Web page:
Two researchers discuss myths associated with mobile adoption and use
By now, educators are familiar with the term mobile learning — or mLearning — having experienced its rush in classroom popularity starting as early as 2000. But two researchers say it’s now imperative that educators slough off the myths from the reality to avoid ineffective classroom practice moving forward.
“In recent years, many projects have assisted in the maturation of mLearning and much has already been done to integrate mLearning into mainstream education. However, mLearning is still in its infancy and we are merely seeing the tip of the iceberg,” notes Tom Brown, a former associate professor of research and development in tech-enhanced learning at the University of South Africa , Pretoria (UNISA), and co-author of the report (after the report’s publication, Brown left to become CEO of a portfolio management company).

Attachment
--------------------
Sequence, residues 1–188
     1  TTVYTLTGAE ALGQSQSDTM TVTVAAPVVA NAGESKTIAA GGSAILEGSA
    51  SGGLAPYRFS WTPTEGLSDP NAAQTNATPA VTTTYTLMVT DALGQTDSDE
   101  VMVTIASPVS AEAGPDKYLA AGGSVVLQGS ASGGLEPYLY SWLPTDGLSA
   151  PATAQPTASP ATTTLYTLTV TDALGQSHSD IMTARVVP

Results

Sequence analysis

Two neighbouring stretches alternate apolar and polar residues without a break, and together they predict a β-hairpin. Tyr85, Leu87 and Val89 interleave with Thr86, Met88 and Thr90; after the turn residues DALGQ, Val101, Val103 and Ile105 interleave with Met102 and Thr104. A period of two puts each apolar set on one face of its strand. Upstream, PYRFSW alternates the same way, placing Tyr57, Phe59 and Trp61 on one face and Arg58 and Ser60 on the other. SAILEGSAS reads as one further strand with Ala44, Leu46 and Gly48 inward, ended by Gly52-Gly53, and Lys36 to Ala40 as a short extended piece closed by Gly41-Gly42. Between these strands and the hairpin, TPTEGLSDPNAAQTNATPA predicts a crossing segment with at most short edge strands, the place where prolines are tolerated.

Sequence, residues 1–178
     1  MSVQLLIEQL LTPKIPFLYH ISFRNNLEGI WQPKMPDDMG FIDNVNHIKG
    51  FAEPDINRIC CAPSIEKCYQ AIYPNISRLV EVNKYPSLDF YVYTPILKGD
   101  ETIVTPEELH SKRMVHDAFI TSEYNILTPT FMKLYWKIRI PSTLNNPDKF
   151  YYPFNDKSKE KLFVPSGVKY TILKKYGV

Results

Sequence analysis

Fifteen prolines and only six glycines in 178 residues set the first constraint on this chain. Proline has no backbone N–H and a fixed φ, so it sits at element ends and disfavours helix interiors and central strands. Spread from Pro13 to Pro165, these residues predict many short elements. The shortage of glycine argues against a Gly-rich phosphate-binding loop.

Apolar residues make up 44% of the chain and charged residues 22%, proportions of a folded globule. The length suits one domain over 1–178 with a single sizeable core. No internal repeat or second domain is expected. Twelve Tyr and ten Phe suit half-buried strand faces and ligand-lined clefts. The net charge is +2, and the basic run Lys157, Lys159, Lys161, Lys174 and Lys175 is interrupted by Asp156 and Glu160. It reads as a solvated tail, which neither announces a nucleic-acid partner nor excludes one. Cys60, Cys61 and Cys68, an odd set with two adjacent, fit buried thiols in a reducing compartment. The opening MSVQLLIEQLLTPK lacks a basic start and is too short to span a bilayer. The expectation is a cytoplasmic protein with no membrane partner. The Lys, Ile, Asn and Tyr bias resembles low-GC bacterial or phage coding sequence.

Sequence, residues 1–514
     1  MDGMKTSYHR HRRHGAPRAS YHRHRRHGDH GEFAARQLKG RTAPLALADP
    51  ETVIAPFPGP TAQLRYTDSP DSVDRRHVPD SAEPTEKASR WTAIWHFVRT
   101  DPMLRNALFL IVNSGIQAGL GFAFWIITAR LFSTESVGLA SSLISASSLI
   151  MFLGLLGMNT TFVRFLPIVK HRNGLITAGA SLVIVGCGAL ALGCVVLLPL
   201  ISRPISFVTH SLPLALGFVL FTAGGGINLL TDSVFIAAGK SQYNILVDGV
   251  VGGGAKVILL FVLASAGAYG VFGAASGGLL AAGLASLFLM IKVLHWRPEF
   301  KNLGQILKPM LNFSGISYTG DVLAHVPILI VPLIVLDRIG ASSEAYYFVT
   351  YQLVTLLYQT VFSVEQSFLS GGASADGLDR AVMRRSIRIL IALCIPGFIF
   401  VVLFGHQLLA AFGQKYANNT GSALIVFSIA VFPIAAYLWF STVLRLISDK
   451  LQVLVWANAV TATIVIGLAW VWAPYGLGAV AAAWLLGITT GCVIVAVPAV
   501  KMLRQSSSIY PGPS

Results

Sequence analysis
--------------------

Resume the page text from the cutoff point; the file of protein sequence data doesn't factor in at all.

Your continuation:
“Our perspectives on [mobile learning] seek to…stimulate an appetite to embrace the opportunities in open and distance learning, while minimizing the potential negative effects of technological, social and pedagogical change,” explains Lydia Mbati, senior researcher with specialties in higher ed-tech and pedagogic theory at UNISA, and co-author of the report.
Most of the myths identified by Brown and Mbati focus on mobile learning’s oft-described “techno-centric” characteristics, which the researchers say may do a disservice to those educators either interested in implementing mLearning, or have already done so.